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July 20, 2004
Harry Connick, Jr.
June 26, 2004
It had been raining most of the day, but by the time the gates opened at the nTelos Pavilion, the skies were clear. Across the river in Norfolk, the Bayou Boogaloo was serving up a mess of Cajun cookin’ and gritty N’Orleans funk.
The funk in Portsmouth’s Pavilion on the last Saturday night in June was a tad bit classier, but just as genuine, as Big Easy native Harry Connick, Jr., brought his big band to town to cook up an entertaining gumbo of spirited good times and musical magic. Kicking things off with an arrangement of “Around the World in 80 Days” in which the horn section quoted “Love and Marriage,” Connick and his fifteen piece band lit up the riverfront for the next two hours.
Connick took the band “Way Down Yonder in New Orleans,” where the guys wailed like a mighty freight train before settling down with a medley that blended Charlie Chaplin’s “Smile” seamlessly into “Make Someone Happy.” “Just in Time” started out as a piano trio piece, with Connick economical at first, then building into a rambunctious Professor Longhair-style piano solo. The horns joined in after several minutes and Connick briefly essayed the lyrics. As the intensity built, tenor saxman Gerry Weldon stood up for the first of many wild and wooly sax solos.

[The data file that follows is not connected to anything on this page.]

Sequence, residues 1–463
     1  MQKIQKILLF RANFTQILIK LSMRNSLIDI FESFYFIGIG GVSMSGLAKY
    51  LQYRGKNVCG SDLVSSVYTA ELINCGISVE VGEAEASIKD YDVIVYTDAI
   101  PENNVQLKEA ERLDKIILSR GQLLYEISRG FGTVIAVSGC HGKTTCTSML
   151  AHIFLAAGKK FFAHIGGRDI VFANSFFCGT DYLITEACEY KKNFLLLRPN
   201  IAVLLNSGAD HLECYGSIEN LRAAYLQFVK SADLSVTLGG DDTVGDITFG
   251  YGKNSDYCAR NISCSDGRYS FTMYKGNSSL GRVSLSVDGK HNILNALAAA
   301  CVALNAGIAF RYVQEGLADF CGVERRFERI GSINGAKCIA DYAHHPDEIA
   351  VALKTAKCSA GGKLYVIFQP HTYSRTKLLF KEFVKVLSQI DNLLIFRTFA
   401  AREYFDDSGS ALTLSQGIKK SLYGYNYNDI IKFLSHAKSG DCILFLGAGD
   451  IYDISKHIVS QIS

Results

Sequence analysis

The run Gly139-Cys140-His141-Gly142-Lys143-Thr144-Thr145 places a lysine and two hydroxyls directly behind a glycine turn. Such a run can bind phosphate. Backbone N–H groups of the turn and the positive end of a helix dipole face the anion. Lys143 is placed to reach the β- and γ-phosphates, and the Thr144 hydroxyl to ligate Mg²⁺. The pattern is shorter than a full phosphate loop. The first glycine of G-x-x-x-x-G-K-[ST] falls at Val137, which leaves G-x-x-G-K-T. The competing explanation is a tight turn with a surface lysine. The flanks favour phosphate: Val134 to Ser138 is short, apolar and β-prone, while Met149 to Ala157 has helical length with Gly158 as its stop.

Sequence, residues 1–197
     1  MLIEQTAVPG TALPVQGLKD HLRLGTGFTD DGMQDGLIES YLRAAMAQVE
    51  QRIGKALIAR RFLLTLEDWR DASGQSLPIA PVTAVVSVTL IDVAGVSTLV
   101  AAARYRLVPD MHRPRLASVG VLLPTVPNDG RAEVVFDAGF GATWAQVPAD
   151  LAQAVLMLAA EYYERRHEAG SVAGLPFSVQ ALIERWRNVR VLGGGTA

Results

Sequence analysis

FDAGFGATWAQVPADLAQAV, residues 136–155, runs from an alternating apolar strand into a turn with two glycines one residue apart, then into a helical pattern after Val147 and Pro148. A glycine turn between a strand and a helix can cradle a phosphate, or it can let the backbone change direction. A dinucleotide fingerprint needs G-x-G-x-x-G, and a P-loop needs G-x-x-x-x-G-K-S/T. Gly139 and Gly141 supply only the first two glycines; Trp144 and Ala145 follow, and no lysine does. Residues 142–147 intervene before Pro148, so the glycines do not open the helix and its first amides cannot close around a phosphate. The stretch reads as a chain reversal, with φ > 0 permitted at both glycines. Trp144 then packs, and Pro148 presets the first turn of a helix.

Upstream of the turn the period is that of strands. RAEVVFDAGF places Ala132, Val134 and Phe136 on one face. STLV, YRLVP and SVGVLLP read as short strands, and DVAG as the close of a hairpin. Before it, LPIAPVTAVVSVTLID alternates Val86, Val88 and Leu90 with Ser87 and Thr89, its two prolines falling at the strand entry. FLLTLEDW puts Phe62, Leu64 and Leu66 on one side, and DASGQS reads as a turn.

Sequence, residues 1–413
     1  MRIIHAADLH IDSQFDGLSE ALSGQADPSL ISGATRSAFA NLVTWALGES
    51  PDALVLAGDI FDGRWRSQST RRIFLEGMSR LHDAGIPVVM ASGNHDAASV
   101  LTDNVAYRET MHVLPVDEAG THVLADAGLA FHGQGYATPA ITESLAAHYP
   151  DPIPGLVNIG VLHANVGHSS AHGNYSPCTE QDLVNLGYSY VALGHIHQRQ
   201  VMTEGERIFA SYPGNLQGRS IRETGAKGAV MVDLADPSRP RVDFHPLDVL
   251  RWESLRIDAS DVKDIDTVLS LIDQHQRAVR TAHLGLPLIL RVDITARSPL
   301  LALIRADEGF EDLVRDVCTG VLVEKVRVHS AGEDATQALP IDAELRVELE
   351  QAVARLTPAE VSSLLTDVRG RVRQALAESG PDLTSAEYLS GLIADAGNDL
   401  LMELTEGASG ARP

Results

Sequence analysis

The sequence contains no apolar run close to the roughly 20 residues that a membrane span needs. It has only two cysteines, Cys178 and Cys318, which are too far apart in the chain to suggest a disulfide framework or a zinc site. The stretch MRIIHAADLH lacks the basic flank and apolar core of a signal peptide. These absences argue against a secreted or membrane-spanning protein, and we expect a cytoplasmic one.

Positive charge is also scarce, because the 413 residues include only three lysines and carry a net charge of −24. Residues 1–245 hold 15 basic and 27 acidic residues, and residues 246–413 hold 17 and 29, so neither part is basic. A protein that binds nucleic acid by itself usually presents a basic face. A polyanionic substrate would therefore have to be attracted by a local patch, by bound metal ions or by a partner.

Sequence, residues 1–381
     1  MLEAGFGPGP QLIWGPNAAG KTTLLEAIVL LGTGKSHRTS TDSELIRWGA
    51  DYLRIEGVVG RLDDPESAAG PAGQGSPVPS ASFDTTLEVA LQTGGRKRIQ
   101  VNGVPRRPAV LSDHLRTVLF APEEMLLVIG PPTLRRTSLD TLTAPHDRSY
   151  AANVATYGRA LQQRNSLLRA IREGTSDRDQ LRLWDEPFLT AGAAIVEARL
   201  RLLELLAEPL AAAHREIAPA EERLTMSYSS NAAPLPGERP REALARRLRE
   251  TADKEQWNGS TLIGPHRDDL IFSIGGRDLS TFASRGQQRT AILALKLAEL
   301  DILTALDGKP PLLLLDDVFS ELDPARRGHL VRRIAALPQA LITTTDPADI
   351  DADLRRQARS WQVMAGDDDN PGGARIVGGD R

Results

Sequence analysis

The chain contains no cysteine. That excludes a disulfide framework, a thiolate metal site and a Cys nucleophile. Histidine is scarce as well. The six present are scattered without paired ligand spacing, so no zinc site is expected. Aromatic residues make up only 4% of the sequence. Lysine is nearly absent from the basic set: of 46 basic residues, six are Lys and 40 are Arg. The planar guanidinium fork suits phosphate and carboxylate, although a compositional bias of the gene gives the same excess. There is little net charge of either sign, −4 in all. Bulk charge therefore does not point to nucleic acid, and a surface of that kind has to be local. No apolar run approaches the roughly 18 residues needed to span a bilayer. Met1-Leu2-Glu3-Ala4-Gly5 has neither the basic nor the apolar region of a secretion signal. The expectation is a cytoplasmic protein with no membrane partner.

The quieter heart of the set began with the singer alone at the piano doing his best Floyd Cramer while singing George Jones’ country classic, “She Thinks I Still Care.” After a couple of extended examples of stride and barrelhouse piano, the band returned to accompany the star on two tracks from Only You, his new CD featuring music of the ‘50s and ‘60s---“You Don’t Know Me,” the country song best remembered in Ray Charles’ version, performed while the lights went purple with a thousand stars creating a Copacabana-like atmosphere; and Stevie Wonder’s hit, “For Once in My Life,” sung over an instrumental arrangement recalling Matt Munro’s “My Kind of Girl.”
Connick proved himself an engaging and hilarious entertainer throughout the evening. Bringing trombonist Lucien Barbarin out front, he playfully bantered with his sideman and the audience before the duo slid into “Lulu’s Back in Town,” giving the boneman a chance to honk and plunge on his muted horn…helped by a little unscripted tugboat accompaniment from out on the river. On “The Old Rugged Cross,” Connick brought the whorehouse to church, mixing barrelhouse piano with a soulful gospel vocal.
He continued to work the crowd, adlibbing insults and love notes while he kept the family-filled pavilion smiling. “A Kiss to Build a Dream On,” and “I Wanna Be Around” led into two more tunes from the new album, The Drifters’ “Save the Last Dance For Me” and The Platters’ “Only You.” The title track from the 1999 Come By Me recording closed the set, then the whole group returned for an extended Mardi Gras jam encore & dance party.
The twin spirits of big band swing and New Orleans brass band jazz reigned as Harry Connick, Jr., sent the crowd off into the night in a festive mood.
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